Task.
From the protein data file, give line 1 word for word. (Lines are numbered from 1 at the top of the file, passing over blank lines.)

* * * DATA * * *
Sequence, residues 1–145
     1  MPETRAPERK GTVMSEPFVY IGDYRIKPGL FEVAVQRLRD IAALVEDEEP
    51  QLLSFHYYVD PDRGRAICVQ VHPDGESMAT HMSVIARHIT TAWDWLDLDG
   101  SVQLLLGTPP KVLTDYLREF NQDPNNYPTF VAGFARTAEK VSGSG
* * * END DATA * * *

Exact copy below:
Sequence, residues 1–145